Though signs of economic success are abound throughout the country, not all groups are benefitting from the financial growth in the same manner. In particular, a jarring trend of senior citizens filing for bankruptcy in record numbers has both researchers and experts concerned. The findings from a recent prominent national study paint a bleak picture for older Americans. Amongst the key findings include the rate at which seniors’ bankruptcy filings more than doubling over the past three decades, while the percentage from the same group in the bankruptcy system has increased nearly five-fold.
The study suggests that much of these changes are a direct result of shifting responsibilities as to caring for senior citizens. In decades past, companies and government programs helped cushion seniors’ health costs as they aged. Now, older Americans most often are left to pay a greater share than before for these same costs. The end result has been highlighted by seniors struggling to stay afloat financially while also battling with increased health care costs often linked with aging.
While bankruptcy protection is still considered a means of resolution in such instances, age again can be a determining factor. Whereas such protection may benefit many working Americans, retirees are more likely to be living on limited or fixed incomes than their younger counterparts. Further compounding this issue is that older citizens generally have less time to recover from dire financial straits than a younger person in similar circumstances likely has.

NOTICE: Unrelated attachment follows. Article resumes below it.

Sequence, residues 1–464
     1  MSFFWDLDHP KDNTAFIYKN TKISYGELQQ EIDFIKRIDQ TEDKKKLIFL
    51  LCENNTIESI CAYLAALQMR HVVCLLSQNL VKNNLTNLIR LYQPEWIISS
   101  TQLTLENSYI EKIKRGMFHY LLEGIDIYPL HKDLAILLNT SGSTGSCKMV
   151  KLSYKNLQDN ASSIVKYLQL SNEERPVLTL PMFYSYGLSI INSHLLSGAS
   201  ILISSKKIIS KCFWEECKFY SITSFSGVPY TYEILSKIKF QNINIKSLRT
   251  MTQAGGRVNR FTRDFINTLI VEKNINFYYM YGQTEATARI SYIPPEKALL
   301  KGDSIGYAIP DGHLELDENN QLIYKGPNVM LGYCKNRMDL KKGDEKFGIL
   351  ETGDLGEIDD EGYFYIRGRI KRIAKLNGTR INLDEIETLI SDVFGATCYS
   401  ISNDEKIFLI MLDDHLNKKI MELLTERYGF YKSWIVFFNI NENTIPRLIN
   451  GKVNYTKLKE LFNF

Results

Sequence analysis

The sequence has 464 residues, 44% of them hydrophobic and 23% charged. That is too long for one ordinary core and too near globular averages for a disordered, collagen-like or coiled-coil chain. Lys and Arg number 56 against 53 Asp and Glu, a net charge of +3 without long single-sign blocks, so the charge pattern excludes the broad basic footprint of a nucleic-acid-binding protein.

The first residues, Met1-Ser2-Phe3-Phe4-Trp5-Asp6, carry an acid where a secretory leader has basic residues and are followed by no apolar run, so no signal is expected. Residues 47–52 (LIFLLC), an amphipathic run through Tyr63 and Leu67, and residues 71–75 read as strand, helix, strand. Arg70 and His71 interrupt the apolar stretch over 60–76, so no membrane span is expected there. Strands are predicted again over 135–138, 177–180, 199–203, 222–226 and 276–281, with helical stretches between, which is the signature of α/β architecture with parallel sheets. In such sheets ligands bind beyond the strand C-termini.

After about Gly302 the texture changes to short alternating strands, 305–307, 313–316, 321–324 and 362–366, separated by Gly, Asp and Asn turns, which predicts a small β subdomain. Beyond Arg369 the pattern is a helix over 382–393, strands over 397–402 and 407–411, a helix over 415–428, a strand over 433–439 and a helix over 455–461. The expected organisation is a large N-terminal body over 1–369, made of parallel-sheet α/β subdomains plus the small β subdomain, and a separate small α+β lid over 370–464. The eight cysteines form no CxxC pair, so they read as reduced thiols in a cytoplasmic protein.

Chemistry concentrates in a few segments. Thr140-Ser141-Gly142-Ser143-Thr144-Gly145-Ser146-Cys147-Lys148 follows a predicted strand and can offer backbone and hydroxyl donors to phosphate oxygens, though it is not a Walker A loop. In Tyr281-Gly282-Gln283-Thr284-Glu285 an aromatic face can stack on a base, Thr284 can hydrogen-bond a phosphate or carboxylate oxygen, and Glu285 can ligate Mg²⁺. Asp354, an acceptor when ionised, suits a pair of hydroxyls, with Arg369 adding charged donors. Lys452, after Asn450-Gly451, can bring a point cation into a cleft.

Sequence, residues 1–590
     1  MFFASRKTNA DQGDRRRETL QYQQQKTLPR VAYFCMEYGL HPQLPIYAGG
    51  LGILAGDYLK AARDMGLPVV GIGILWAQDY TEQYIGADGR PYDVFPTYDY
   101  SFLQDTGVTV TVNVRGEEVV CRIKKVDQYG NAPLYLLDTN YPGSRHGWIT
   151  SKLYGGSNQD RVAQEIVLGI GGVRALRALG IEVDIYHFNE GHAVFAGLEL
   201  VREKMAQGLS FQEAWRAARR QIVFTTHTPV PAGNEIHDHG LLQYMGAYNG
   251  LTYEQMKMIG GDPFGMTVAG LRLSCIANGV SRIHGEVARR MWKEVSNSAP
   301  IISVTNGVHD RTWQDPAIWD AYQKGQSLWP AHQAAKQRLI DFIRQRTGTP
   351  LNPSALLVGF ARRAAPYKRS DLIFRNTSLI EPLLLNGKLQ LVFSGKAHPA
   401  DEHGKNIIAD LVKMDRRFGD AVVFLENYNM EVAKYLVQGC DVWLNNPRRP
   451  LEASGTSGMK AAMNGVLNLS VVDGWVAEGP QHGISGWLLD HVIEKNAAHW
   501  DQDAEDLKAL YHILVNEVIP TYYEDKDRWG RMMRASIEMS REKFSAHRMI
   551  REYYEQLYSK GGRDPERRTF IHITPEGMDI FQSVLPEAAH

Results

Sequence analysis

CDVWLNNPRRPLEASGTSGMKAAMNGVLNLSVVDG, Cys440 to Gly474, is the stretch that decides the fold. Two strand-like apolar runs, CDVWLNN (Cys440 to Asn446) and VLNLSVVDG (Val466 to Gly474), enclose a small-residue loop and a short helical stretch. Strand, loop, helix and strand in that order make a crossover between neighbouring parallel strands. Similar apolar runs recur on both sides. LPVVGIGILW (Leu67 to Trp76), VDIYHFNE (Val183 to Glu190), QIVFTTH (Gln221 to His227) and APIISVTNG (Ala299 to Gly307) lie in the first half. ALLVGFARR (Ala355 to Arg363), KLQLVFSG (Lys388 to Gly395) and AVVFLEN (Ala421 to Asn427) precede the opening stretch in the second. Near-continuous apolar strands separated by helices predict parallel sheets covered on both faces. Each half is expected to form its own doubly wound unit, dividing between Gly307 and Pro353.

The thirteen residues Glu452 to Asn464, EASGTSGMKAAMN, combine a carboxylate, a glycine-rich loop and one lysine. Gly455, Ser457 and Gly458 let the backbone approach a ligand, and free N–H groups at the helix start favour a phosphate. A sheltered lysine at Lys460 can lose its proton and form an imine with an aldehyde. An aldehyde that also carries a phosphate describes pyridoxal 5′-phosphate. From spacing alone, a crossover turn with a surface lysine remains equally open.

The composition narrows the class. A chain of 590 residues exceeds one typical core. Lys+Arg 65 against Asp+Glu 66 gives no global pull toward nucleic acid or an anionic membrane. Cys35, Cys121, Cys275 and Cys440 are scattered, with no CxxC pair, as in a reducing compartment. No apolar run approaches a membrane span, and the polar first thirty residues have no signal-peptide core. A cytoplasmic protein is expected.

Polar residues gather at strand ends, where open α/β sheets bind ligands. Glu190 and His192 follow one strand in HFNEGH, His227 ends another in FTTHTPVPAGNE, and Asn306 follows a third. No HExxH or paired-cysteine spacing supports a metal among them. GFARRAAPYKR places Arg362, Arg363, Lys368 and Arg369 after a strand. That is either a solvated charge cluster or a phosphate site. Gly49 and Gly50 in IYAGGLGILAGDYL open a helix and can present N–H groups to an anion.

Ultimately, one potential course to avoid such a situation before it becomes a reality is to act early and often. In other words, employ effective financial planning measures while young and able-bodied because you won’t be either of these forever and life is full of unexpected pitfalls. Though such a strategy may not produce the same allure or pleasurable instant gratification of living beyond one’s means now, it can also ensure a more secure tomorrow, whatever it may bring.